In The Spotlight: Illegal Wildlife Trade

By Lucy Lei, GIELR Online Staff Editor


Currently valued at US $213 billion, wildlife crime has escalated dramatically in recent years, and many species are in crisis as a result of poaching and illegal trafficking of their parts. The magnitude of the problem is particularly prominent in African countries with elephant and rhino populations. In this year alone, more than 700 rhinos have been killed in South Africa for their horns, partly as a consequence of many Asian countries using rhino horns as part of traditional medicine. Likewise, more than 35,000 elephants are killed across Africa each year for their tusks, which are prized for their use in making decorations and trinkets.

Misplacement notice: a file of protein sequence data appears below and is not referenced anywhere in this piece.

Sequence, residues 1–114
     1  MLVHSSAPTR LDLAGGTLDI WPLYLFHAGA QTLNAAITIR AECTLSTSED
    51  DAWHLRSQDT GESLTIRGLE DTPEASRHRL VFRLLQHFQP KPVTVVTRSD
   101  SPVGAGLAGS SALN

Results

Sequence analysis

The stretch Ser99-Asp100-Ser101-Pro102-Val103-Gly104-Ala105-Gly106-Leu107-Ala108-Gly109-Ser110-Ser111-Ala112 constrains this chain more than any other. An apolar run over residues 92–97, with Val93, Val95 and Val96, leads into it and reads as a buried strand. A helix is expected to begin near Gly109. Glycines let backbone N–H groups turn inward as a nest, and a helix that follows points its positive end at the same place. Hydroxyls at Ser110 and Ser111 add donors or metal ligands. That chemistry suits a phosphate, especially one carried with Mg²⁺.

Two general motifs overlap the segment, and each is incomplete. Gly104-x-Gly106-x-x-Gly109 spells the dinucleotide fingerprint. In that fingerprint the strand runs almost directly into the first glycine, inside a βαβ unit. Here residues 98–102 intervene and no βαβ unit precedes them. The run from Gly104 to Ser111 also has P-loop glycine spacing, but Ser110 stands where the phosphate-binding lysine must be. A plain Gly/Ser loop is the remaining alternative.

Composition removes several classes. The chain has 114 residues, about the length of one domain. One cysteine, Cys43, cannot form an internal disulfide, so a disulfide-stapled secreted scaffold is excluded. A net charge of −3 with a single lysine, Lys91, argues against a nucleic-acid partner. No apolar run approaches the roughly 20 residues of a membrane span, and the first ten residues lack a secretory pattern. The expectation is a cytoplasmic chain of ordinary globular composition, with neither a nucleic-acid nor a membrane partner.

Even more troubling is the current trend in poaching carried out by organized criminal groups rather than poor villagers who kill the occasional animal to help feed their families. Income from ivory allegedly supports militia groups in the Democratic Republic of the Congo and Uganda’s Lord’s Resistance Army, which some may recognize as the group led by Joseph Kony.

* Published in collaboration with the Georgetown International Environmental Law Review (GIELR). To read more, check out GIELR's blog here.